Third, for different design codes, the calculation equations of strength, slump, and carbonation depth for metakaolin-modified concrete may be different [13,14,23,24,41,42]. However, because the genetic algorithm is a common optimization process that can be used for different constraints equations, based on the proposed integrated design framework, other researchers can determine the optimal mixture design for their local situations.

Fourth, in this study, a genetic algorithm was used to determine optimal mixtures. As shown in Table 4, five case studies were performed, and each case study consists of four mix ratios. The performance of the optimal results, such as strength, slump, and carbonation depth, were calculated using Eqs. (7), (9) and (13), respectively. Because these performance evaluation equations have been verified from the relevant experimental studies, the accuracy of optimal results is acceptable. In addition, in this study, we made case studies about making low-CO2 concrete or low-cost concrete using MK. In previous literature, the differences between low-CO2 concrete and low-cost concrete were not studied in detail. The results of this study can fill the gap. The analysis results of Section 3.3 of this study show that it is not wise to produce low-cost concrete using MK.

This study offers an integrated mixture design framework for sustainable metakaolin-modified concrete. The genetic algorithm is used to determine the optimal mixtures. Strength, slump, and carbonation with or without climate change are considered as constraints of optimization, and CO2 emissions, material costs, and the total cost are set as the aims of optimization. Based on an analysis of five design cases, the following conclusions can be drawn:

(1) Case 1 (low-CO2 concrete with no carbonation) shows that for concrete with high strength and a high binder content (Mix 4; 60 MPa), the carbonation durability can be satisfied, while for concrete with an ordinary and medium strengths (Mixes 1 to 3; 30, 40, and 50 MPa, respectively), the carbonation durability cannot be satisfied. For Mixes 1 to 4, the metakaolin/binder ratio is at the upper limit because the CO2 emissions of metakaolin are much lower than those of cement.

(2) Case 2 (low-CO2 concrete with carbonation) shows that for ordinary-strength concrete Mix 5, the design strength is 30 MPa but the real strength is 34.73 MPa. This means that carbonation, not strength dominates the mixture design for Mix 5. To meet the carbonation durability, a higher real strength must be used. For medium-strength concrete Mixes 6 and 7 (design strengths 40 and 50 MPa, respectively), the metakaolin/binder ratio is lower than that for Case 1 (low-CO2 concrete with no carbonation) because metakaolin can impair carbonation resistance.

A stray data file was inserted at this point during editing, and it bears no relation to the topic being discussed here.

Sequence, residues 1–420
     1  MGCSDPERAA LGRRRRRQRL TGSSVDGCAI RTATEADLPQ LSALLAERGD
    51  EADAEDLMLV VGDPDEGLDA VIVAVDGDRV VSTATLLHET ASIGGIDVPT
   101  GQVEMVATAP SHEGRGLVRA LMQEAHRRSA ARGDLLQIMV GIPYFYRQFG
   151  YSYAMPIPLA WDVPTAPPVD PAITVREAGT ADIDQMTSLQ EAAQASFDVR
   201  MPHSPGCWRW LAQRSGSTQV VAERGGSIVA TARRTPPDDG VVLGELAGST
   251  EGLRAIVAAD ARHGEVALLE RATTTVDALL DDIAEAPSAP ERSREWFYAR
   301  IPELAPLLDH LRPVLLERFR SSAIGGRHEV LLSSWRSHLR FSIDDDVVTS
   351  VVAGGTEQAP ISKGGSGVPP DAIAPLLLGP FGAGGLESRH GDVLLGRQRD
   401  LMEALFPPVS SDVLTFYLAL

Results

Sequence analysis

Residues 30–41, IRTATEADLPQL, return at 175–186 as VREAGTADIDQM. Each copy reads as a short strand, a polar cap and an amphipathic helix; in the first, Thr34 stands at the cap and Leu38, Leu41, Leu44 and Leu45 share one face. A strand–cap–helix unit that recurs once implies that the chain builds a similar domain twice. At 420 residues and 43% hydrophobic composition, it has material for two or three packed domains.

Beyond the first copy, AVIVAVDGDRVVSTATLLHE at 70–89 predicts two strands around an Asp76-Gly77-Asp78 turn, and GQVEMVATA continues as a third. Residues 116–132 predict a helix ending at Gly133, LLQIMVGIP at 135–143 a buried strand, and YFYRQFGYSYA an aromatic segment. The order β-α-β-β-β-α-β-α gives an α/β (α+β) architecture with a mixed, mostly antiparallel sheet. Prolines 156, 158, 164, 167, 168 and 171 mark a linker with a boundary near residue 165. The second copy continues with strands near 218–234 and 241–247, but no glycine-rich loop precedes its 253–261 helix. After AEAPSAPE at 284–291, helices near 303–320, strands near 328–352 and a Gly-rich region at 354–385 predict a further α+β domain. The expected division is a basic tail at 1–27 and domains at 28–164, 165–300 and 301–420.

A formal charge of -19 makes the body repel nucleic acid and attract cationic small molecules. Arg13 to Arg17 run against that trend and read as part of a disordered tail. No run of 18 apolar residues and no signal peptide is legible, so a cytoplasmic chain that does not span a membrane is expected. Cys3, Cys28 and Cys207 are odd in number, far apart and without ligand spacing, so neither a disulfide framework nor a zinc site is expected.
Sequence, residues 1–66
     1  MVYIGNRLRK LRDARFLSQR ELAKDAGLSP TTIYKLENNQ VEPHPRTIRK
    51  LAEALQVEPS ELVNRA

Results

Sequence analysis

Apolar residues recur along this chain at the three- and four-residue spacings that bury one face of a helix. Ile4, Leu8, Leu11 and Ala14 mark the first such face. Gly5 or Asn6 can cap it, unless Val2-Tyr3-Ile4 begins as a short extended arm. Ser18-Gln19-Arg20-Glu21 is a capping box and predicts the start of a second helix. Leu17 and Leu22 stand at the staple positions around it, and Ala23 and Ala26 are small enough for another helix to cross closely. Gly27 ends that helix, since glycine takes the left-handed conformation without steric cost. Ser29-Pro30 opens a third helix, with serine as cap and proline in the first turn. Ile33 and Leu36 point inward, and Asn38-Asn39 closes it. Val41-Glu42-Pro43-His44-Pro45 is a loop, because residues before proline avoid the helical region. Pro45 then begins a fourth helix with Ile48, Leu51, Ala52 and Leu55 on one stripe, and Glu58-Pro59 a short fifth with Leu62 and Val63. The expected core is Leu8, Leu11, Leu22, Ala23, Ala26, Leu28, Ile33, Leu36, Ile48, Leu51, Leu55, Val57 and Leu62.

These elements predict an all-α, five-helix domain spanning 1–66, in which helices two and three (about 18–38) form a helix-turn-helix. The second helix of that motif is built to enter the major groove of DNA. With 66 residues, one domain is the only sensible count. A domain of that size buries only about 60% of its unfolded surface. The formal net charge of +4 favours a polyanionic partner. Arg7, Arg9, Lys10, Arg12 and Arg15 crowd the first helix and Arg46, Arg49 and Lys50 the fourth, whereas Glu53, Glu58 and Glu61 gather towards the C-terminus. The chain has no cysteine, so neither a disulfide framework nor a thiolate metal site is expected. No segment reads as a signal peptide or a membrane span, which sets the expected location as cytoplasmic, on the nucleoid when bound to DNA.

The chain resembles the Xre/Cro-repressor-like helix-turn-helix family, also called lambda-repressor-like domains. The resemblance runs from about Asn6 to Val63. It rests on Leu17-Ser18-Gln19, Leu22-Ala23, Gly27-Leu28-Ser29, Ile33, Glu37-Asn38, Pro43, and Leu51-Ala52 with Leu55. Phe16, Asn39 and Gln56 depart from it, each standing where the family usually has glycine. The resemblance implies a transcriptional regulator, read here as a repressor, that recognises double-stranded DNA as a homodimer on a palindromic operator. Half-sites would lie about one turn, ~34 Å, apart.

(3) Case 3 (low-material cost concrete with carbonation) shows that for Mixes 9 to 12, the metakaolin/binder ratio is at the lower limit. This is because the unit material cost of metakaolin is higher than that of cement. In addition, when the design strength is 30 MPa, low-material-cost concrete Mix 9 is the same as low-CO2 concrete Mix 5. Thus, carbonation durability is the control factor for the mixture design of ordinary-strength concrete Mix 9 (design strength 30 MPa).

(4) Case 4 (low-total cost concrete with carbonation) shows that low-total-cost concrete Mixes 13 to 16 are the same as low-material-cost concrete Mixes 9 to 12, respectively. This is because the costs of CO2 emissions are much lower than the material costs. The ratio of CO2 emission costs to the total cost is about 13%. This low ratio is not enough to affect the results of the optimal design.

(5) Case 5 (low-total cost concrete with carbonation and climate change) shows that when the design strength is 30 MPa (Mix 17), due to considerations of climate change, the concrete’s real strength increases from 34.73 to 38.33 MPa. For ordinary-strength concrete (design strength 30 MPa), to satisfy the demand of carbonation with climate change, a higher binder content and higher strength should be used. On the other hand, climate change does not influence the mixture design of concrete with the design strengths of 40, 50, and 60 MPa.

To conclude, the proposed framework covers various aims (minimized CO2 emissions, material costs, and total cost) and considers different constraints (strength, workability, and durability with climate change). The proposed method can be used as a general process for the optimal design of sustainable metakaolin-modified concrete.

Funding Statement: This research was supported by the National Research Foundation of Korea (NRF-2020R1A2C4002093).

Conflicts of Interest: The author declares that they have no conflicts of interest to report regarding the present study.